CFAES Give Today
OSU Extension

College of Food, Agricultural, and Environmental Sciences

May 17, 2023 - 8:36am --

This week’s article comes from the C.O.R.N. Newsletter This newsletter is a publication of the Ohio State University Extension Agronomy Team, state specialists at The Ohio State University and the Ohio Agricultural Research and Development Center (OARDC). “Planning Your Winter Annual Cereal Grain Forage Harvest” was written by Jason Hartschuh, Field Specialist, Dairy and Precision Livestock.

“The greatest challenge with winter annual cereal forages for many producers is managing harvest timing to maximize quality with spring rainfall events that not only delay custom harvesters but also cause your perfectly timed harvest to come to a halt. One goal should be to harvest at least some of your summer annuals at the highest quality possible unless your operation only needs low-quality forage. Staging our forage plots in Fremont our cereal rye is currently at Feeks 9 but in Southern Ohio, it is at Feeks 10.1 needing to be harvested today.

Planted on the same day the four species we have been comparing flowered over a 3 week period. The four species we are comparing are cereal rye, triticale, barley, and wheat for yield and quality at an ideal harvest timing of Feeks 10, head in the boot to delayed at Feeks 10.5, flowering. Figure one shows the growth stages of small grains.

We have found differences in speed of maturity and in tonnage between species at the same maturity. On average most species put on half a ton more dry matter as they mature to Feeks 10.5 but triticale added over a ton of dry matter, figure 2 shows average dry matter yields. Cereal rye and triticale had a similar yield of around a 1.75 tons dry matter average at boot but had a low of .75 tons to over 3 tons per acre. The lowest-yielding location had lower tillers experiencing excessive winter and spring rainfall. At Feekes 10.5 triticale takes the lead in tonnage with an average of 2.75 tons and a high of 5 tons.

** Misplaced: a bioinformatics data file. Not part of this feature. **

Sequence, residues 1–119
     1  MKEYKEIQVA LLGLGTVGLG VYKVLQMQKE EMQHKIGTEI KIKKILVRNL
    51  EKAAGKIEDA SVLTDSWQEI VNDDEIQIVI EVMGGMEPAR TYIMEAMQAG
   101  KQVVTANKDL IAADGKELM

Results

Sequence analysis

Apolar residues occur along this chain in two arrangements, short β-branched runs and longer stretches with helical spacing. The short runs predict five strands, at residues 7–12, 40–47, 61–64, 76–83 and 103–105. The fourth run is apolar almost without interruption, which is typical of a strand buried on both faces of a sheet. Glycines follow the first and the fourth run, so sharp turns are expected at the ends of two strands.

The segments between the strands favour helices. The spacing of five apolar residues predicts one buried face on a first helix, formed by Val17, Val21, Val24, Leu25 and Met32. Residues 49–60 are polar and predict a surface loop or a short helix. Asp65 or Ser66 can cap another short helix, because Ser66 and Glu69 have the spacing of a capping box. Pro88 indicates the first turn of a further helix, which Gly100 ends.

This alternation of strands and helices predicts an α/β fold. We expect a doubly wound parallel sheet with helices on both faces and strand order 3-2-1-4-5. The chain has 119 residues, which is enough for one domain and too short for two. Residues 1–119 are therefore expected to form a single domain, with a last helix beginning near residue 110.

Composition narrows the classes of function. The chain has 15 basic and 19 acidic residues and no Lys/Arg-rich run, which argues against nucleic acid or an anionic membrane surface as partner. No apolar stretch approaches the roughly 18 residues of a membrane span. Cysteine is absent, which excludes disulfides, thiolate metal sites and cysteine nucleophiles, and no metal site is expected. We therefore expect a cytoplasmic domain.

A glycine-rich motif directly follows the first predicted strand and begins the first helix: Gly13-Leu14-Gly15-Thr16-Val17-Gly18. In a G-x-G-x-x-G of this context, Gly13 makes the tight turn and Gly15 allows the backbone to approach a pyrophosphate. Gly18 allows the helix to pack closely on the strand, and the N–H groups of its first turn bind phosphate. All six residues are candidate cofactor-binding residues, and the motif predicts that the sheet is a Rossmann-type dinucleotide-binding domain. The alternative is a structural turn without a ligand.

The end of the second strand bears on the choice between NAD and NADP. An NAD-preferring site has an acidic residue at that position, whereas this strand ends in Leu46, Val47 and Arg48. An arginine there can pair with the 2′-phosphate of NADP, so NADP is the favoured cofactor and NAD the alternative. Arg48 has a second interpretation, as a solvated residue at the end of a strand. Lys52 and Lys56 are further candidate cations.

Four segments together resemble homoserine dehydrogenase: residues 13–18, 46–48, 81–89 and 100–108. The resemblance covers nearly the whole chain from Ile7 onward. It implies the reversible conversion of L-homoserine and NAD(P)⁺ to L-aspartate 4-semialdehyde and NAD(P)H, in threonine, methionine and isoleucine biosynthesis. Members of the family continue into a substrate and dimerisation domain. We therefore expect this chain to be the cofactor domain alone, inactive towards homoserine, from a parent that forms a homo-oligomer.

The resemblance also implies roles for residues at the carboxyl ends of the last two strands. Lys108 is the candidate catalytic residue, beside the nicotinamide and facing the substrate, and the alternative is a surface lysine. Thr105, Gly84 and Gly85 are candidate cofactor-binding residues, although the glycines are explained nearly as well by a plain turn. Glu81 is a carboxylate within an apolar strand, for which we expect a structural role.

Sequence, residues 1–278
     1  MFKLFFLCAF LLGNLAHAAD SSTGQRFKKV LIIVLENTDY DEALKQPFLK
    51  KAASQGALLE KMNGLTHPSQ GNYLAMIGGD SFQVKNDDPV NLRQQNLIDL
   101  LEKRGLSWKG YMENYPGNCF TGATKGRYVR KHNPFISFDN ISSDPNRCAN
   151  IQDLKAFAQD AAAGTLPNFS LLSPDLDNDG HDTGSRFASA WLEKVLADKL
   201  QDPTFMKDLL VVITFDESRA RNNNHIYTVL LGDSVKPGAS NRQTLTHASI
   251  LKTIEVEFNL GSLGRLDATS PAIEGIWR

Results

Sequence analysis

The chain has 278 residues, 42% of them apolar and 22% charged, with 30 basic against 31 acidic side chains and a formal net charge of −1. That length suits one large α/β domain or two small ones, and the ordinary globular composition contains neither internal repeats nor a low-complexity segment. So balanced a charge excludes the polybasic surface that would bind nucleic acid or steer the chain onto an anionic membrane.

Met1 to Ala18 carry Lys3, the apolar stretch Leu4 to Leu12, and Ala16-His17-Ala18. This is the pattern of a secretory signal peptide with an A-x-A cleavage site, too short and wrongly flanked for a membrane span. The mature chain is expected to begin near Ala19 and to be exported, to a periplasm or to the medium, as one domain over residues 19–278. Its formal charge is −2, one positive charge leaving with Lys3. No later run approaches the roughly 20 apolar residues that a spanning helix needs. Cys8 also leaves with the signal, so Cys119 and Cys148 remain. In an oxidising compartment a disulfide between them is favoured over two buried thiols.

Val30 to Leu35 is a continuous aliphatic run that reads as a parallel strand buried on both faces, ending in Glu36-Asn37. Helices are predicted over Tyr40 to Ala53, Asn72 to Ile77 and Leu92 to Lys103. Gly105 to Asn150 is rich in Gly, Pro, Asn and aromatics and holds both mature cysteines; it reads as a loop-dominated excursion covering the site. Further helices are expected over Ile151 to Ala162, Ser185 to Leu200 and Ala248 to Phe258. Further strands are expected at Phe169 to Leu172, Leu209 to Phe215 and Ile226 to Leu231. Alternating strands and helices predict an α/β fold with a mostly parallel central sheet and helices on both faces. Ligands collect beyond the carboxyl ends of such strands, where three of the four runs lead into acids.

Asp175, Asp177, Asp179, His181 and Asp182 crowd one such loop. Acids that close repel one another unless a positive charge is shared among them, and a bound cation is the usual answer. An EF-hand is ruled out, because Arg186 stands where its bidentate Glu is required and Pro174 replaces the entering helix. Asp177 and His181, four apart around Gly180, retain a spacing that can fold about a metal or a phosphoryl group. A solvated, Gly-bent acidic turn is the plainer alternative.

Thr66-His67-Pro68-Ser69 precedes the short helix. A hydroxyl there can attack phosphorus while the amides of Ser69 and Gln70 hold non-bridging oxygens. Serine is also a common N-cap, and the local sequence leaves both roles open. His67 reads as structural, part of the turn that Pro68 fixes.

While tonnage is critical another important part of the risk management decision is how quality declines as the species matures, shown in figure 3. All species saw a similar decline in crude protein of about 2 percent with no significant difference in crude protein percentage between species, only between harvest dates.  Neutral Detergent Fiber, NDF and Total Digestible Nutrients, TDN were a different story. These two nutrients moved inverse of each with TDN declining and NDF increasing between the two harvest timings, both of which lead to a decline in quality. TDN which is one measure of energy was the highest for wheat at both harvest timings. Harvesting at Feeks 10 had the highest TDN with all species declining when harvest was delayed to Feeks 10.5. Barley had the least quality decline of all species. Wheat stands out as having the greatest digestibility. This is followed by triticale and cereal rye at Feeks 10 with NDF increasing about 10 points as both matured.

Even when lower quality forage is needed plan to harvest some at prime quality and then accept them at the lower quality when the weather forces a delayed harvest. Otherwise, you may plan for medium quality and end up with all low quality straw like forage.”

Shelby Tedrow is an OSU 4-H & AgNR Program Assistant and may be reached at 330-264-8722 or
CFAES provides research and related educational programs to clientele on a nondiscriminatory basis. For more information, visit
This article was previously published in The Daily Record.